When I studied dance full-time, I would make sure to always be slightly early in the music to show my teachers that I remembered our exercises and knew the steps. Later on, I brought this mentality with me into the yoga studio.
For a long time when I practiced, I would jump into the pose before the teacher had instructed me to get there. Now I see the same pattern with a lot of students in the classes I facilitate—practitioners who, as soon as they understand where we’re going or which asana (yoga pose) we’re preparing for, jump right to the end expression of the pose.
I don’t blame them at all, and I’m not even sure if we’re wrong in doing this. But it is a great reflection on how the society that we live in dictates how we should move ahead: fast, always forward.
I read quotes like, “Set big goals and don’t be happy until you reach them,” or, “Always show people that you know what you’re doing.” With the end goal being: get results fast—no matter how it affects your personal, mental, and spiritual life—and you’ll receive praise.
Our society operates with such a sense of urgency. The manner in which we travel doesn’t seem to matter at all; all that matters is reaching the end goal. It’s like we’re constantly searching for something that’s far away and when we get there, we just replace what we’re reaching for with something new.
However, yoga is not about the end expression of a pose, or the result of meditation, or how we may feel after a class. It’s about how we move the body, how we connect our mind to the present moment.
It’s about how we walk through our life here and now—physically, emotionally, and spiritually.
It’s about what we encounter on the way, whether it’s positive or negative, good or bad, happy or sad, and how we embrace that.
To give light to this idea, I try to instruct students to reach a pose from where they are at in the present moment so our yoga practice can do what it is here to do: to teach us something about the life we’re living. To make us realize that if we’re going in, full speed ahead, without even noticing the trees on the side of the road, then we’re not living in the present.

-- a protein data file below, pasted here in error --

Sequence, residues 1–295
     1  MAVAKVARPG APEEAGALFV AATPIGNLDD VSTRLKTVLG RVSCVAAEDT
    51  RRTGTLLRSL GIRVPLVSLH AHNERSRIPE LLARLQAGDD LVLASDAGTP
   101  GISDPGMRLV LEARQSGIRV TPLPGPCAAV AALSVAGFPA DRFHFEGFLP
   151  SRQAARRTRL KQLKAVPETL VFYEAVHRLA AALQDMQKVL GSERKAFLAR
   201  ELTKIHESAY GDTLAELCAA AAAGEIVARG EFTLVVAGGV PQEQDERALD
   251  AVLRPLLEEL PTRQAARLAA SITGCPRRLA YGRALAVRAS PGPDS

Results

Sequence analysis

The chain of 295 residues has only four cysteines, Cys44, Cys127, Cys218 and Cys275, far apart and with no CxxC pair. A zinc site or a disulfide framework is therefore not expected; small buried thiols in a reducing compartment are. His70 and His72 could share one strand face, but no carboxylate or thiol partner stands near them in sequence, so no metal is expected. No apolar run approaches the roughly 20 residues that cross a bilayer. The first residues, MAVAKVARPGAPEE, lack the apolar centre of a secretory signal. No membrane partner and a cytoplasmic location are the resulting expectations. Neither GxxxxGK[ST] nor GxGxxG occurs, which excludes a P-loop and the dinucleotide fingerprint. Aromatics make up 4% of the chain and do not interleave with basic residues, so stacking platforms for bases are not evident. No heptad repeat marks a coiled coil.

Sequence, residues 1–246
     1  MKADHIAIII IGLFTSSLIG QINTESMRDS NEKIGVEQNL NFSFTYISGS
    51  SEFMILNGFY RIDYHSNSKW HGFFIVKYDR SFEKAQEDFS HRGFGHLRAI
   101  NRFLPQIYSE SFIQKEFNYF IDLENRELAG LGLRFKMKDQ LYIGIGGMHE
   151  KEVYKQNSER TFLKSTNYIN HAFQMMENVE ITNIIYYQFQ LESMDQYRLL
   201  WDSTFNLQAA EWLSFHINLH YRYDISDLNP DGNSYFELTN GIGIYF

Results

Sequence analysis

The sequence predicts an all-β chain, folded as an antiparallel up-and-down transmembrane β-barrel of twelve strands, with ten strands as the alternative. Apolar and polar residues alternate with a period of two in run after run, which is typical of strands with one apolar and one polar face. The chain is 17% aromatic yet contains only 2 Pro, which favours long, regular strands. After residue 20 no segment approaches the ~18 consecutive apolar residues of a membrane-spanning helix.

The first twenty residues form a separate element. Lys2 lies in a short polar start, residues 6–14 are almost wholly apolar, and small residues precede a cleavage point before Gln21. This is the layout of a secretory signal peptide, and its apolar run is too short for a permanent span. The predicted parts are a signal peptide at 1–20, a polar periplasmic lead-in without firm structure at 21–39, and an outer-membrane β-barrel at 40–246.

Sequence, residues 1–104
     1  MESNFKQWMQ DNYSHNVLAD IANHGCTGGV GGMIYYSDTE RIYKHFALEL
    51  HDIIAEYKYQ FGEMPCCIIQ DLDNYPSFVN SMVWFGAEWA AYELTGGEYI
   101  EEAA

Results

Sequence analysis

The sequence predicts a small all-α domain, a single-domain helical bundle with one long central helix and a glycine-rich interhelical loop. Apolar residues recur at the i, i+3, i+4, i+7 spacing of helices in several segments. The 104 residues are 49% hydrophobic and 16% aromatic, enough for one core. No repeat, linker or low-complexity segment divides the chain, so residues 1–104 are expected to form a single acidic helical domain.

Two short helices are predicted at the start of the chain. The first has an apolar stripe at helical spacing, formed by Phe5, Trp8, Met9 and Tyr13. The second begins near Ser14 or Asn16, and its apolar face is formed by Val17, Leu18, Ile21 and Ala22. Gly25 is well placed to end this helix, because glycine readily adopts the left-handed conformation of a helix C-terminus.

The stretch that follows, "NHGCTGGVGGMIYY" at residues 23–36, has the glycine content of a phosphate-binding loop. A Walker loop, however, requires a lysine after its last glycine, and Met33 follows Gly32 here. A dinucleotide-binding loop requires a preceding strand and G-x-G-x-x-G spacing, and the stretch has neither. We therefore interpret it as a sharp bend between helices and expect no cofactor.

Take, for example, vrksasana (tree pose), where we switch our weight from two feet to one foot, placing the lifted foot’s heel toward the inside of the standing leg with toes still on the floor. This is a way to first establish balance, to make the mind ready for balancing on one leg—if that feels right in that moment.
And if the balance feels good, the student can slide the working foot up on the inside of the calf of the balancing leg and either stay there or go back down, again, depending on how the body feels in that moment. If the student feels a calling to continue all the way up so that the foot is placed on the inside of the standing leg’s thigh, the student may of course do so—only to figure out if this is where the body wants to go on a particular day or not.
Ideally, this would be a journey the mind and the physical body travel on together, looking inward and feeling every step of the way.
What happens when we’re going straight for the end expression of the pose is that we often struggle with the balance and the focus shifts a little around the room. Sometimes, I see that the student relaxes here—as if a goal has been reached—making it even harder for the body to find support. The connection is then often lost, whereas if we can keep the connection from the beginning, we might be better off noticing what we really need to do to keep the balance.
This can all be translated into our everyday life. So many of us travel through our days always thinking about the next step: what we’ll cook for dinner, what we’ll do on the weekend, or where we’ll take our next vacation. We set goals and imagine how we’ll feel when we get there. Or we might be stuck in the past, thinking about that conversation we had earlier, going through it in detail—worrying that we were misunderstood.
Maybe, if it’s a beautiful day and the sun is shining for the first time in weeks, we’ll stop and lift our gaze toward the sky and feel how blessed we are to see the sun again. But what about those moments in between? What about when the sky is grey and all we want is to get in from the rain?
Do we live life with gaps, jumping between moments instead of enjoying the life that happens in between as well?
The practice of mindfulness teaches us that the most important task is the one we are doing right now. For example, doing the dishes as if it is one of life’s most advanced duties, fully emerging ourselves in the art of cleaning our plates and spoons. Of course, today, many of us reading this have dishwashers, so we have to find other chores that we can stay truly present in doing—perhaps the way we travel into tree pose.
Because life is truly a journey, and we have to enjoy all of it—staying fully present with what is.
Because life is not what happened last week, nor what will happen tomorrow.
Life is right now. As John Lennon once sang, “Life is what happens when you’re busy making other plans.” So don’t invite busyness into your life by thinking about your next move.
Stay busy by enjoying this very moment—whether you’re sitting in traffic, walking around a crowded grocery store, or sitting in yoga class.
Stay open to the process by never anticipating the outcome or what the next step might be.
Author: Theresé Täckenström
Image: Author’s own
Editor: Nicole Cameron
Copy Editor: Callie Rushton
Social Editor: Waylon Lewis